Court orders Council to put CodeNEXT petition on the ballot
A district judge has ordered City Council to put a petition on the November ballot that, if passed, would require Land Development Code rewrites, such as CodeNEXT, to be approved by voters.
The judge ruled that Council has a duty to put the measure on the ballot in November.
To be clear, voters will not be weighing in on CodeNEXT in November. They will be voting on whether to require a vote on such development code rewrites.
The city had argued that it was illegal to put zoning measures on the ballot.
“The city council, by state law, has to have a mandatory hearing before doing zoning. Because you can’t have a hearing before the entire electorate, that’s the rationale,” said Jane Webre, attorney for the city.
Lawyer Fred Lewis argued against the city.
“To keep people from voting, there has to be a clear and compelling reason. It isn’t just that the city has a good argument, they have to have the only argument that’s reasonable,” Lewis said.
Without an inextricable link between zoning and land development, Lewis argued state law shouldn’t prohibit the public from voting on a future iteration of the Land Development Code.
In an emailed statement, the city acknowledged the order.
“While we respect the Judge’s decision, it leaves unresolved questions about whether zoning is an appropriate subject for election,” the statement said.
Austin’s current Land Development Code features 400 pages of zoning in a 1,254-page document, and zoning has been the largest chapter in every CodeNEXT draft.
In March, activists filed a petition with the city asking that residents get a chance to vote on all land development code rewrites, including, eventually, CodeNEXT. Once that petition was certified, Council members had two options: either accept the changes in the petition or put it to a public vote.
In an unusual move, Council members voted to do neither, citing outside counsel who told them Texas courts have ruled zoning matters should not go on a ballot. Council was split for that vote, with Mayor Pro Tem Kathie Tovo and Council members Alison Alter, Ora Houston and Leslie Pool voting against.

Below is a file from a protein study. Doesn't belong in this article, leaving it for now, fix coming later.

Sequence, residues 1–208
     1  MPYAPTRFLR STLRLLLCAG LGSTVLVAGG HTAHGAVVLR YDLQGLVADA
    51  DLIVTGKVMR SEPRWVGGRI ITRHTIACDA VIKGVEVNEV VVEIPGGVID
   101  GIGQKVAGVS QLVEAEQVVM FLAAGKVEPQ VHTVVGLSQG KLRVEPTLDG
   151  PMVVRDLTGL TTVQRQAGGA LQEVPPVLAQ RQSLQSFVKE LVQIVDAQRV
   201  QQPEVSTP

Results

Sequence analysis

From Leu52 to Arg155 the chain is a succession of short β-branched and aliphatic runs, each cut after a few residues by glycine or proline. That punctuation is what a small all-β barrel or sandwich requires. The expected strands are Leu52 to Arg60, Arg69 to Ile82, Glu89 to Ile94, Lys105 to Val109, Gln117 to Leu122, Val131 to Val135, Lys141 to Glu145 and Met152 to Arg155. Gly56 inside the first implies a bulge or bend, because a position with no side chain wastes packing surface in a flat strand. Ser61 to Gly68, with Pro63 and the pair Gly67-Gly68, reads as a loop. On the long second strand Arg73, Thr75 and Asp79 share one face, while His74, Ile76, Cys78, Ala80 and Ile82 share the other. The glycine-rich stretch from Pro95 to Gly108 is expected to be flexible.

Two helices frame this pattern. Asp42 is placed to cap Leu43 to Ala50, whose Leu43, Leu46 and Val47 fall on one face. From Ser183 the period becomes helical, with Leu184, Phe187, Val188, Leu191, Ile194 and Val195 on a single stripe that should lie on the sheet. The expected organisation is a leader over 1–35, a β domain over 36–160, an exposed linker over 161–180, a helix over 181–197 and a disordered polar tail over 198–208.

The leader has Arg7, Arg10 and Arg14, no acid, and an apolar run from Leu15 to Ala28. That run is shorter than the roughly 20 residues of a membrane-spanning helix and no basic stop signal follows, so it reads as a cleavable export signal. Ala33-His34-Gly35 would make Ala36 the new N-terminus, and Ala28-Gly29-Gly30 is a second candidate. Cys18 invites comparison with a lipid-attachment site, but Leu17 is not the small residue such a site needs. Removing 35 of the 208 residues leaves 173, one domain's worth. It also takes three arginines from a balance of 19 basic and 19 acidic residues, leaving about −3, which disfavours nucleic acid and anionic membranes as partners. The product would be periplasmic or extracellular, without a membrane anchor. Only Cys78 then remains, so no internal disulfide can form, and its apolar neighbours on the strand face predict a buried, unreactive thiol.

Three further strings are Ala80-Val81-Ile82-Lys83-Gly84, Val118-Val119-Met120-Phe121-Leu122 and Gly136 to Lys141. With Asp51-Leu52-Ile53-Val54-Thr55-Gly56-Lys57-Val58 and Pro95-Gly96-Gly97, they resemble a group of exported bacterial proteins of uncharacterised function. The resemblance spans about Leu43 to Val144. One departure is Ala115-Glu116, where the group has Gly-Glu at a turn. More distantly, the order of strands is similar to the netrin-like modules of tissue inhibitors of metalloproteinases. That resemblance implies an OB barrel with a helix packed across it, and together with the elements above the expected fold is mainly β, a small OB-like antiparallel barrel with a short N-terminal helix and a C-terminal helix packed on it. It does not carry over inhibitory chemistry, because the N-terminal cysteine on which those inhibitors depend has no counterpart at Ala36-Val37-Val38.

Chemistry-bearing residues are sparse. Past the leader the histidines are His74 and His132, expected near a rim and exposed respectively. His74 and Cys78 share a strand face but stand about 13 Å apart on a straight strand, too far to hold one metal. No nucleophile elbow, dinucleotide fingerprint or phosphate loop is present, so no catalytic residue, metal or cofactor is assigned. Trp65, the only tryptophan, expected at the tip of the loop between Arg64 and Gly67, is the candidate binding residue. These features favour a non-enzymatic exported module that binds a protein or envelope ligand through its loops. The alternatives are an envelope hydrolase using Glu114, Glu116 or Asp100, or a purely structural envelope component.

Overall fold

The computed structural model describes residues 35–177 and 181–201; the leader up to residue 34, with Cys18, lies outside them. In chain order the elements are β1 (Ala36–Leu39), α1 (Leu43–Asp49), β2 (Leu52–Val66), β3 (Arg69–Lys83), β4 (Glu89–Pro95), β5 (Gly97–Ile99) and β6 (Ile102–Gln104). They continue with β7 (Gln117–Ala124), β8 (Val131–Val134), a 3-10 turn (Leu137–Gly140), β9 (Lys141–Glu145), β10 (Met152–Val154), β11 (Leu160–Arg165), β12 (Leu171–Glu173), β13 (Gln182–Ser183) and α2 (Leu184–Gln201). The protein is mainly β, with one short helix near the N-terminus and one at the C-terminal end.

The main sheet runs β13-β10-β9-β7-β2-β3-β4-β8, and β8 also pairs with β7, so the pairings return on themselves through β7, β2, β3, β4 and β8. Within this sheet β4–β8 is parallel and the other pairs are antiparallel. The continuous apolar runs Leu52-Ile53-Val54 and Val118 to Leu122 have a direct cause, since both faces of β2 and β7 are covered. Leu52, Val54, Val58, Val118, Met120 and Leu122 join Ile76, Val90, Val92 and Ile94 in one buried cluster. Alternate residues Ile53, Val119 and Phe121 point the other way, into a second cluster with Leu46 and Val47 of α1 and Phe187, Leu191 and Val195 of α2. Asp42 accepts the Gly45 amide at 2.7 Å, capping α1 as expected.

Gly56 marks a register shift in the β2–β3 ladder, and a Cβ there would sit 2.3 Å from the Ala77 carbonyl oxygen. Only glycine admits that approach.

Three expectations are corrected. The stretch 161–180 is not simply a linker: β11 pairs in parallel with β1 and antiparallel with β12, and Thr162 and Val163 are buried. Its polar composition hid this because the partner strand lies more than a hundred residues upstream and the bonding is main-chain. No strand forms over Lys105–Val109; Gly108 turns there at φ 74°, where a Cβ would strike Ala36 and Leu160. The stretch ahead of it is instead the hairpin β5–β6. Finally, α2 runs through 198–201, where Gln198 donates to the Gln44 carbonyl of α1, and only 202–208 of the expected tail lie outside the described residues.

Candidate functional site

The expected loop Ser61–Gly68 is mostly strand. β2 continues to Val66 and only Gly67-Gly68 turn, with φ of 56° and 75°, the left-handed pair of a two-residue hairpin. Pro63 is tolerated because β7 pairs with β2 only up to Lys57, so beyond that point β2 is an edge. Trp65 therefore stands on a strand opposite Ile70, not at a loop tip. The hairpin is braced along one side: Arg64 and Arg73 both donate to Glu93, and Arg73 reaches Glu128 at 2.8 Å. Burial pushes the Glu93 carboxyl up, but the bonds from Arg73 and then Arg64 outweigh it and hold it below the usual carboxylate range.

CodeNEXT has further defined the cracks between neighborhood preservationists and those who support denser housing.
This story was produced as part of the Austin Monitor’s reporting partnership with KUT. Photo by Martin do Nascimento/KUT.
The Austin Monitor’s work is made possible by donations from the community. Though our reporting covers donors from time to time, we are careful to keep business and editorial efforts separate while maintaining transparency. A complete list of donors is available here, and our code of ethics is explained here.
Do you like this story?
There are so many important stories we don't get to write. As a nonprofit journalism source, every contributed dollar helps us provide you more coverage. Do your part by joining our subscribers in supporting our reporters' work.
Key Players & Topics In This Article
Austin City Council: The Austin City Council is the body with legislative purview over the City of Austin. It offers policy direction, while the office of the City Manager implements administrative actions based on those policies. Until 2012, the body contained seven members, including the city's Mayor, all elected at-large. In 2012, City of Austin residents voted to change that system and now 10 members of the Council are elected based on geographic districts. The Mayor continues to be elected at-large.
CodeNEXT: CodeNEXT is the name given to the land development code rewrite process undertaken in the early 2010s by the City of Austin.